This is why Amazon is selling Alexa and enabling customers to walk aisles and just walk out [with the launch of Amazon Go].

How important are customer experience trends, like artificial intelligence and chatbots?

Berridge: The guiding principle needs to be to put yourself in the shoes of your customers. Understand the experiences you're pushing out, because those can go south.

The guiding principle needs to be to put yourself in the shoes of your customers. Understand the experiences you're pushing out, because those can go south.
Eric BerridgeCEO and co-founder, Bluewolf Group

I have more sympathy for a person on the phone who doesn't get what I mean than I will for a chatbot. You have to think about what's being received on the other end and how it's benefiting the customer. But the flipside is that if it processes my need faster, I'm going to be thrilled.

Are companies striking the balance right between human and technology interaction in customer experience?

Berridge: The goal isn't to save money, but to make money to drive a premium experience, to drive higher margins. So, you're not in this race to the bottom in customer experience and customer service. Many have gone through massive BPO [business process optimization], but most were bottom-line-oriented. Customer experience initiatives are top line, not bottom line. This is what brings innovation from most brands.

To improve customer experience, most companies are driving hard on the integration of sales, service and marketing departments -- at least in their rhetoric. Do companies know what that means, and are they ready to integrate these processes and technologies?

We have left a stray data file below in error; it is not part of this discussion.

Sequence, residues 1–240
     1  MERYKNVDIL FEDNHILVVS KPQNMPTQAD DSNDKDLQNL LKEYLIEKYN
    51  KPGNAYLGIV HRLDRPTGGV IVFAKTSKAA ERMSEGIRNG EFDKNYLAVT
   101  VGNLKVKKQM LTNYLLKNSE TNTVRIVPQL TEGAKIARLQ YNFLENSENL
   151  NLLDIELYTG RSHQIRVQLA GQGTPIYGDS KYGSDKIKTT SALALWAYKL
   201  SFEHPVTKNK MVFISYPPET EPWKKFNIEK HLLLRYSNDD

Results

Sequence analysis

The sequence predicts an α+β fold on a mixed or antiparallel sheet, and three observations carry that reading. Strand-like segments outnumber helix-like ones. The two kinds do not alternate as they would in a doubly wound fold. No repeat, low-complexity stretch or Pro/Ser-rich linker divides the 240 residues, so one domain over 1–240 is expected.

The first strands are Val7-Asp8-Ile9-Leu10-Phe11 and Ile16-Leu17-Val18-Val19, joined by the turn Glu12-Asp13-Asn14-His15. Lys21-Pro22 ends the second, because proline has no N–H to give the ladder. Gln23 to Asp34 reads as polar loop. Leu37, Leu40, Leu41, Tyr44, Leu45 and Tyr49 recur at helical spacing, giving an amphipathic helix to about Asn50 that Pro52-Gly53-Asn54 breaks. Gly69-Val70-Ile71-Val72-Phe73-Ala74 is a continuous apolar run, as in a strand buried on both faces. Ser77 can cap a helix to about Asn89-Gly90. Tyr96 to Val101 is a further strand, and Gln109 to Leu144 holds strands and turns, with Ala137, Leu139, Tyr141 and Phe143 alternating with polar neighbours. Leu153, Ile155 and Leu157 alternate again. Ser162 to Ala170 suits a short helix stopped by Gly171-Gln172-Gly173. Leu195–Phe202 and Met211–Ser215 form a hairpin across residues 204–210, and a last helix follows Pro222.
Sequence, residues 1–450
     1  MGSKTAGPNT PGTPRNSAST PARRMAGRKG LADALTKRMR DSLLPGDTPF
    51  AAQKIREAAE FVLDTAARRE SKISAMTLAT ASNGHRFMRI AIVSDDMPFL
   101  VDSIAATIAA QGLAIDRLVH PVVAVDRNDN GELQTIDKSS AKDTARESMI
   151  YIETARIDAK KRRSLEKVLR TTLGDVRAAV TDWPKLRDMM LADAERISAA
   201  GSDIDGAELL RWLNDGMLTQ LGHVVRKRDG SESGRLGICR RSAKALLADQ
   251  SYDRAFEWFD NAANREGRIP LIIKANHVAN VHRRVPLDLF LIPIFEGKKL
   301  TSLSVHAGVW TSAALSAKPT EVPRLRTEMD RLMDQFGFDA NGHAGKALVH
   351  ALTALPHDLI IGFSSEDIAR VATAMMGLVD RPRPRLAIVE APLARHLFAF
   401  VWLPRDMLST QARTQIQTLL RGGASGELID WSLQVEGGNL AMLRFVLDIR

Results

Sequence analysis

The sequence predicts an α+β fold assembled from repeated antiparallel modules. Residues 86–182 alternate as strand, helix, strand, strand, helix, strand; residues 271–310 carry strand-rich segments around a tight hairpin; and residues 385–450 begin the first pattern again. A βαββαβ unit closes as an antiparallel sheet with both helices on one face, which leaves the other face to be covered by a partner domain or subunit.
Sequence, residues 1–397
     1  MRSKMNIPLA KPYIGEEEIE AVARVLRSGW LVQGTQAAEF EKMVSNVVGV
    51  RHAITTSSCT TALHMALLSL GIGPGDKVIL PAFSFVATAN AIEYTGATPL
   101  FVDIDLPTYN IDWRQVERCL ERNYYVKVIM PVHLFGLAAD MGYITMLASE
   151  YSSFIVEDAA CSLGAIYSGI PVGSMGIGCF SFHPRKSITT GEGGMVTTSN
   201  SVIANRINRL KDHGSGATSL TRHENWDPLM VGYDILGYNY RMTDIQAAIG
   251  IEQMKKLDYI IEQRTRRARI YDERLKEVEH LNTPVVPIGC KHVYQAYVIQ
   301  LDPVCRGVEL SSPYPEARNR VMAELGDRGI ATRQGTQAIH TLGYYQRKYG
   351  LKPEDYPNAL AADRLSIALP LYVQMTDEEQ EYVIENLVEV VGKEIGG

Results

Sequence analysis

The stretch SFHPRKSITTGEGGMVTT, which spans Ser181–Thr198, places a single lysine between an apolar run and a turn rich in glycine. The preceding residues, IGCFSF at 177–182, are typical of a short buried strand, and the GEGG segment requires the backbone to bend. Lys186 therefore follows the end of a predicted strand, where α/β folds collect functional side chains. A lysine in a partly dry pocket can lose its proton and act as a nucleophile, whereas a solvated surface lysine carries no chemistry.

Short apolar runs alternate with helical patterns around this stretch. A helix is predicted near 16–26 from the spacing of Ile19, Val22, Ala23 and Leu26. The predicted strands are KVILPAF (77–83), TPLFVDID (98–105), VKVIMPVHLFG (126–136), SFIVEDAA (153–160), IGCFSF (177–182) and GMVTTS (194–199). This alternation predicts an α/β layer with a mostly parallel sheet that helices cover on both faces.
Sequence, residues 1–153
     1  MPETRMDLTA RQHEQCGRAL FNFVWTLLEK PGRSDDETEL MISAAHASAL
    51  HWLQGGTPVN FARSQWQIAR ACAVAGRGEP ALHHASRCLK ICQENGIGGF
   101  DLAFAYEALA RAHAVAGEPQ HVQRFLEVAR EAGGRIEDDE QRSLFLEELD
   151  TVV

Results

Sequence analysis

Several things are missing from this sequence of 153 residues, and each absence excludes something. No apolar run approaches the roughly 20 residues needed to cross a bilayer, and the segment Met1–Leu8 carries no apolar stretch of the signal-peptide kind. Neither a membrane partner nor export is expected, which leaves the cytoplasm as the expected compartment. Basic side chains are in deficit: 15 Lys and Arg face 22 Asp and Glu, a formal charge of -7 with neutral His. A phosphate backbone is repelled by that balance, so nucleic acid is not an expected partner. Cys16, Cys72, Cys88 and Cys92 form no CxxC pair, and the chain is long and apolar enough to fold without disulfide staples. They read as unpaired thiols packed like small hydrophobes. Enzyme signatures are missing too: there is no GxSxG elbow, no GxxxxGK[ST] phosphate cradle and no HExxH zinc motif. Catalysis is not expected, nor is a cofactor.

Berridge: No, most organizations don't have the right processes in place -- particularly the larger ones. Many are trying to solve that through M&A [mergers and acquisition]. They can get stuck trying to rebuild back-office processes, which are hard to put in place. Almost have to start fresh. The wrong approach is to start with BPM [business process management]; the right approach is start with innovation.

Are the internet of things (IoT) and virtual reality (VR) poised to improve customer experience? Or, has the hype galloped ahead of companies' capacity to absorb the changes necessary to make business use of these technologies?

Berridge: IoT is ahead of virtual reality. With IoT, we talked about predictive analytics, we can't rely on subsets to make decisions. With IoT in manufacturing and connected devices, you can pick up so much data in real time. In the past, the challenge has been how to capture and what do I do with it? Today, IoT feeds customers' experience, because we have so much more information about products and services.

With virtual reality, we're looking at 2018 before we see real-world examples. VR is all about the interface -- enabling customers with the art of the possible. I see a lot of investment from providers.

What else haven't we touched on that is a theme in these customer experience trends?

Berridge: Organizations are rethinking customer experience and the platforms they use for it. They are rethinking in a way that puts the customer at the center of the platform. That doesn't sound revolutionary until you realize that most companies in the last 25 years have built systems around their products, not around their customers.

SAP is classic example: SAP is a system that you roll out to support your supply chain, to support how products are manufactured, how products are sold [and] accounted for. The customer data is embedded in those processes, but the customer is just a number or an invoice. Now, companies are keeping that back office in place, but layering on top a platform that is truly about the customer.